People tend to think of work-family conflict as something that only women experience and assume that it pushes women to quit their jobs.
However, new research shows that men feel it just as much as women do and that it also undercuts their commitment to their employer.
An article published this week in Harvard Business Review looks at why both men and women feel work-family conflict, but why men’s feelings on this remain largely invisible.
The authors, Robin Ely of Harvard Business School and Irene Padavic at Florida State University, studied a global consulting firm for 18 months.
In interviews with the research team, which also included Erin Reid of McMaster University, the men expressed profound sadness and guilt over not being there for their children and their partners.
It is not the only study to reveal that men feel work-family conflict — but it is remarkable for the portrait it paints of silent male suffering, and the way in which male silence and female openness conspire to maintain the status quo.
One working dad painted a bleak portrait of his son playing alone with a toy train, while a nanny looked coldly on. Another seemed sad that his young daughter always asked for his wife at bedtime — never for him.
Yet while these men felt work-family conflict deeply, they also tended to suppress those feelings — minimizing their own feelings or displacing them onto women.
One described falling “chemically, deeply” in love with his newborn daughter and said that it helped him “understand” why some women would not want to go back to work after having kids.
His takeaway was not that he was entitled to his own mixed feelings, but that women must have a hard time balancing work and family.
Others distanced themselves from their fears using humor, or by emphasizing that however bad they had felt before, they felt better now — now that they are not on a six-month assignment in a foreign country, now that only one of their kids cries when they leave for work, now that the seven-year-old can “almost” make his own breakfast (Pop Tarts).
By contrast, the women were more frank about the work-family conflicts they felt. They did not hide from them, or project them onto someone else.
The women were also more likely to take action to try to resolve the conflict, like swapping a client-facing role for one with more-predictable hours. As a result, though, the women gave up power in the firm — and saw their progress stall.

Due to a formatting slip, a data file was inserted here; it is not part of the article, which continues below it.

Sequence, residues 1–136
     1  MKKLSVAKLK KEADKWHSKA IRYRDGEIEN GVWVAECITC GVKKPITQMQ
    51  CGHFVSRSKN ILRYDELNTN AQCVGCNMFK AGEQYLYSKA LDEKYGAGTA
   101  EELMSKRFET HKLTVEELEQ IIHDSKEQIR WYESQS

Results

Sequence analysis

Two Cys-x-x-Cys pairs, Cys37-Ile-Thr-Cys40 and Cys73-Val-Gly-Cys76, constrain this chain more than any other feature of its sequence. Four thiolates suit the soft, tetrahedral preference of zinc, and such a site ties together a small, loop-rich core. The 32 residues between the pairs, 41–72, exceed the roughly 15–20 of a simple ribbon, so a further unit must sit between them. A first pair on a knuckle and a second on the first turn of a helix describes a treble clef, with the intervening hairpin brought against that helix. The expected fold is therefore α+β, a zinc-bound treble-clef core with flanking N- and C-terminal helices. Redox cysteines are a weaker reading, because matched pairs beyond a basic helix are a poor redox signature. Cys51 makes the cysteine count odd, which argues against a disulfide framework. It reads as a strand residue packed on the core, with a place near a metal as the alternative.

Women made up 37 percent of junior associates, but only 10 percent of partners; and women who made it to partner took two years longer to get there than men did.
While senior leaders assumed it was women who struggled with the firm’s 24-7 culture, men and women reported equally that the relentless pace was crushing — and unnecessary.
Consultants spoke of working through the night to make 100-slide presentations they were all too aware the client could not use, had not asked for and probably would not even read, but no one at the firm seemed to think it was possible to stop producing them.
If it sounds a little like a cult, that is because it kind of is — in which work is a kind of religion and devotees show their faith not by shaving their heads or wearing hair shirts, but by working all the time.
Men made it clear that working this way took a toll on their commitment to the firm.
One dad said he “wanted to quit then and there” when work caused him to miss his son’s soccer game — and his son to burst into tears.
Another said he was “overworked and underfamilied,” adding: “If I were a betting man, I’d bet that a year from now I’m working somewhere else.”
That was what happened. In fact, while the firm assumed women had a higher turnover rate, this was not true — looking at three years of data showed men were just as likely to quit as women.
Nonetheless, when the researchers presented their findings to the firm’s leaders — that the culture of overwork was hurting both men and women, but that women were paying a disproportionate price for it — the managers rejected the conclusion as well as the proposed gender-neutral solutions.
They said that work-family conflict was women’s problem, and that any solution must target women specifically. (Since female-specific solutions only seem to derail women’s careers, adding yet another was not likely to help.)
We cannot keep pretending, in the face of mounting evidence, that work-family conflict is only a woman’s problem, or that the only reason more women are not working 24-7 is because of their children.
It is closer to the truth to say that no one wants to work 24-7, because it is, frankly, a miserable way to live.
Instead of offering women yet more poisoned chalices in the form of flex-time programs that only mark them for punishment, managers must target dysfunctional work cultures that hinge on over-selling and over-delivering, driving both men and women to seek other employment arrangements.
Talented, hard-working people have options. They also, quite frequently, exercise them.
Sarah Green Carmichael is an editor with Bloomberg Opinion. She was managing editor of ideas and commentary at Barron’s and an executive editor at Harvard Business Review, where she hosted the HBR Ideacast.
This column does not necessarily reflect the opinion of Bloomberg LP and its owners.
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